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Why We Invested in Marlo
Meetings can suck.
I know that you’ve been there. Stuck in a meeting which wasn’t productive. Not for you, and not for many (or even all) of the participants.
Sometimes it’s a standing small-group meeting, an obligatory gathering that’s on everyone’s work calendar merely intended for reporting and not actually deciding. Sometimes it’s an all-hands-on-deck meeting requiring a large group to attend, but what’s going to be discussed isn’t relevant for everyone.
The various scenario permutations go on and on, but the consistent theme runs throughout that people don’t like to be stuck in meetings. Meetings take people away from doing real work.
Earlier this year, my partners and I at NextView invested in Boston-based Marlo to help address this work meeting suckiness.
Starting with the notion that you can’t fix what you don’t measure, Marlo captures anonymous micro-feedback after each meeting to calculate a Net Meeting Score. The service trends these Net Meeting Scores over time, benchmarking meetings to other people’s, teams’, and companies’, while also providing actionable recommendations that can result in real change & improvement in productivity.
Marlo accomplishes this simple but powerful set of tasks by plugging into teammates’ Google calendars & Slack to know when you’re in a meeting and who you’re meeting with, then solicit tangible feedback.
Our Everyday Economy thematic approach at NextView Ventures has led us look at challenges that large groups of people face every day in their work environment. Research conducted by behavioral and organizational psychologists cited in the Harvard Business Review shows 71% of attendees say meetings are unproductive and inefficient; 62% say meetings miss opportunities to bring the team closer together; and 25% of meetings are spent discussing irrelevant issues.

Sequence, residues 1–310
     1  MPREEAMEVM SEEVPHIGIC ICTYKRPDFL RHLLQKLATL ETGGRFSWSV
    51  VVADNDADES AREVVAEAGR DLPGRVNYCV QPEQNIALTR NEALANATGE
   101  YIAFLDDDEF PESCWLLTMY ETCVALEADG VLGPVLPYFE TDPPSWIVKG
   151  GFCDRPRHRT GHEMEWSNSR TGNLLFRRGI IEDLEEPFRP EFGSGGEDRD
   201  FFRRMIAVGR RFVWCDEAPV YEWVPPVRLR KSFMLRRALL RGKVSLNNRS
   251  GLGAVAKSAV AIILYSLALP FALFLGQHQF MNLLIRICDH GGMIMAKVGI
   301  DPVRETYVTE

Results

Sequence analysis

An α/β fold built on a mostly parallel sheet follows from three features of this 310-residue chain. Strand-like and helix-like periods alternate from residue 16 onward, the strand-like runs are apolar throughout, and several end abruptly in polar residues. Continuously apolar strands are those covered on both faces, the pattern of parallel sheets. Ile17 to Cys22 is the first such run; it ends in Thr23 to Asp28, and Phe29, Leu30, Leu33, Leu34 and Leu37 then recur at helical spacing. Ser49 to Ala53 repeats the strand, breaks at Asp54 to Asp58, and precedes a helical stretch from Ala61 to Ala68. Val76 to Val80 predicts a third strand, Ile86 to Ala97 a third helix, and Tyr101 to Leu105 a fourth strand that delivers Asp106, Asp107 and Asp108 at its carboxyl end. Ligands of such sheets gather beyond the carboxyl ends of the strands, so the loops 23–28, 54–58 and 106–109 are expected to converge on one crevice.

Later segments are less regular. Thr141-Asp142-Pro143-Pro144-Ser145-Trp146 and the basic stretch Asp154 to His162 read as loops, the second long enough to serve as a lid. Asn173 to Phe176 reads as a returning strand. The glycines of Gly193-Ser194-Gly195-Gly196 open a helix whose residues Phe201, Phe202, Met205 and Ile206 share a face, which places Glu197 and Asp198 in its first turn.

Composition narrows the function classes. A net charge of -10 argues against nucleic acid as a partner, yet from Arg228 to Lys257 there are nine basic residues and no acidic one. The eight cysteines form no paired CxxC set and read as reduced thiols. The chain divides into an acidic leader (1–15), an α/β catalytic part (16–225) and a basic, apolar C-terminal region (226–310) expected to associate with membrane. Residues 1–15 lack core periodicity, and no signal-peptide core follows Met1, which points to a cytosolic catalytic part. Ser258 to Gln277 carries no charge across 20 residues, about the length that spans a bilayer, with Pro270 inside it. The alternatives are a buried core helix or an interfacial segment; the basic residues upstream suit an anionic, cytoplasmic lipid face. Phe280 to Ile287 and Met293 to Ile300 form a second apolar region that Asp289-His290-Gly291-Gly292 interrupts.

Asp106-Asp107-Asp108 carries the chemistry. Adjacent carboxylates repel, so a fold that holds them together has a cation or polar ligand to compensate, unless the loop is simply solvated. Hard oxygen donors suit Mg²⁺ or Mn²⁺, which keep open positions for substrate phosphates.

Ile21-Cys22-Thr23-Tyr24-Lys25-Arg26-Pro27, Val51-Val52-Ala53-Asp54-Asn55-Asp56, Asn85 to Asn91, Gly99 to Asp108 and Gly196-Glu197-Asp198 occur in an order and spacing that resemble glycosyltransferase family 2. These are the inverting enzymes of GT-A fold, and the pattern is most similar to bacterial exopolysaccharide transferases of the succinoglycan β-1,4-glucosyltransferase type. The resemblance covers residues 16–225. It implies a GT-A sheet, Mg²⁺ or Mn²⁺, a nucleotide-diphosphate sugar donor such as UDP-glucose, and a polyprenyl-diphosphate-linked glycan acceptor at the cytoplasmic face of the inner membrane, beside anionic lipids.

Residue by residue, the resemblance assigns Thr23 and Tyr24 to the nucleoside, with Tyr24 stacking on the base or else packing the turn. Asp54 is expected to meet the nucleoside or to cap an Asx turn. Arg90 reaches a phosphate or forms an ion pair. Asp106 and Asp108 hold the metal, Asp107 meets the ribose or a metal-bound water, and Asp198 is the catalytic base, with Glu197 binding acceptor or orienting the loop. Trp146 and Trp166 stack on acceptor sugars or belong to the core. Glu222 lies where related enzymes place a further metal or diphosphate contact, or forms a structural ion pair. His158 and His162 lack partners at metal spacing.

And for nearly all professionals working in office settings have first-hand faced the pain, boredom, and drudgery of pointless, inefficient, and unproductive meetings.
Marlo founders Ankith Harathi and John Keck decided to found Marlo in 2018, after meeting as students in the Harvard MS/MBA Program, where they are completing both an MBA and a Masters in Computer Science. Given our firm’s close ties with the school, I had the privilege to meet them informally for coffee last year, and I was immediately impressed with their relentless focus on a pressing problem and their clear ability to make tangible progress quickly.
It’s no surprise to me that fast-forward a few months later, along with some seed capital from NextView and our syndicate partner Underscore to accelerate their efforts, the team has grown the service to reach dozens of companies and employees of all stripes, as featured in today’s Scott Kirsner Globe article.
And this is just the beginning… Marlo is on a mission to cure terrible meetings, including yours. Try the service for yourself at GetMarlo.com.